United States
1972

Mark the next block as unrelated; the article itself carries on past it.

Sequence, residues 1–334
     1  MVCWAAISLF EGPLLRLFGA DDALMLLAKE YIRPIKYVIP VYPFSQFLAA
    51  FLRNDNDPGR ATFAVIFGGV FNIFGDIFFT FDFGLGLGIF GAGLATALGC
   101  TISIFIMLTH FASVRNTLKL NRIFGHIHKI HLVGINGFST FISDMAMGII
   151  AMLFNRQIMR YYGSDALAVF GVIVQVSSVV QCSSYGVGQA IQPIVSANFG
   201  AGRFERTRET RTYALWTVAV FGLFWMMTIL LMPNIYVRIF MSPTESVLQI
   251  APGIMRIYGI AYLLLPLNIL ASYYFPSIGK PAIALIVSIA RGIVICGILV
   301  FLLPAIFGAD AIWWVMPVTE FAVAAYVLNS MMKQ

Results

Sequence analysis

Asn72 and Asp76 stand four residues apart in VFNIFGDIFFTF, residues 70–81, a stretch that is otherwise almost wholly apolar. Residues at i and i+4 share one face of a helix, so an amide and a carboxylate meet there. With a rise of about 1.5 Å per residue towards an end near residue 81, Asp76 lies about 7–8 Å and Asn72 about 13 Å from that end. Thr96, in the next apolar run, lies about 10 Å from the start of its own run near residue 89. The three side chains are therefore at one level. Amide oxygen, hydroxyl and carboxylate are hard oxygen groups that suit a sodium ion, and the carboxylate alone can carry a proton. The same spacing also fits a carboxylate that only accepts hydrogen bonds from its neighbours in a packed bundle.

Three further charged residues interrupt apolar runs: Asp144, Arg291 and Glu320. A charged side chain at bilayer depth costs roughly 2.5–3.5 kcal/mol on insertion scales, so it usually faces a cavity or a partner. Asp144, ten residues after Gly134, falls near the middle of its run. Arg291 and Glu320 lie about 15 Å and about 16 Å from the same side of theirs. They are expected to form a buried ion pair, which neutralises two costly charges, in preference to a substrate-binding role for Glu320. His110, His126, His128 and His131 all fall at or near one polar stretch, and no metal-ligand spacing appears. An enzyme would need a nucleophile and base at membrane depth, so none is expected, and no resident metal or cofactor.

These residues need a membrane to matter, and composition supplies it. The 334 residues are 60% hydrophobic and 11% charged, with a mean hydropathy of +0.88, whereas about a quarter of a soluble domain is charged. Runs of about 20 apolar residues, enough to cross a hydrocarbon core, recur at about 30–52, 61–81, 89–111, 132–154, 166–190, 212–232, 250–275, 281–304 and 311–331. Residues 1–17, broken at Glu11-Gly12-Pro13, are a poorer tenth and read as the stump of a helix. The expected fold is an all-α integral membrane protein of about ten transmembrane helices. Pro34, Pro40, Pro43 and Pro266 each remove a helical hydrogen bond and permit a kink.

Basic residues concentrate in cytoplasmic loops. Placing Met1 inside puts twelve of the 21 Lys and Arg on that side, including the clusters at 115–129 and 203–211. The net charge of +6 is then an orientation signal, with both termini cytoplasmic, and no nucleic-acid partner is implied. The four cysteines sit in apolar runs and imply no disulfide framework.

Chad Ress, born (1972) in Louisville, Kentucky lives in Ojai, California His work has been recognized in Photo District News; American Photography; Communication Arts; ; The One Show; D&AD Awards; The Forward Thinking Museum; and the PH Museum. Recent clients include Harper's Magazine, The New York Times, Toyota, Liberty Mutual, Pirelli, and MIT Technology Review. Ress first became interested in photography under the influence of the extensive archive of FSA photographs in Louisville's Speed Museum. His project America Recovered - A Survey of the ARRA looks to reconsider that legacy in the context of the recent economic collapse and subsequent stimulus legislation. It was accepted at Center - Photo Santa Fe; awarded distinction by The Forward Thinking Museum; and published in Time Magazine's Lightbox, The Wall Street Journal and Harper's Magazine. Ress recently completed a fellowship with the Center for Social Cohesion and Arizona State University and in conjunction with the New America Foundation. The resulting archive of images documents where Americans go to find a sense of community and connection to place. A series on the California aqueduct was recently published in UCLA's BOOM Magazine and included in "After the Aqueduct," an exhibition at Los Angeles Contemporary Exhibitions, Los Angeles, CA. America Recovered was featured at the 2015 Reyner Banham Symposium with a theme "The Aesthetics of Citizenship" at The University of Buffalo, Buffalo, NY. In 2020, America Recovered was published by Actar, with a foreward by Bonie Honig and essays by Miriam Paeslack and Jordan H. Carver. He currently lives in Ojai, California, with his partner and son. America Recovered In late 2009, in response to the financial crash of 2008, the Obama Administration passed the American Recovery and Reinvestment Act of 2009. The Administration advocated for an unprecedented level of transparency in the disbursement of stimulus spending and established Recovery.gov as a resource by which the public might track expenditures, which totaled over $800 billion. I used the text publicized on Recovery.gov, and related government websites, as a guide to photograph ARRA projects. The language accompanying the images has been transcribed verbatim from the original sources. The conceptual framework of this project is to reveal the point where abstract political processes manifest themselves in the physical world, thus providing an alternate means of experiencing the contemporary American landscape. The projects range in scale from fully realized housing projects to concrete drainage basins that could easily be overlooked. The projects are located in almost every community in the country, from remote and rural stretches of the American West to dense urban centers. The appropriated text, descriptions of the projects taken from various government databases, serve as very simple identifiers and are often written in dry bureaucratic prose. On the other hand, the images themselves contextualize the spending projects within the physical details of a specific place and moment.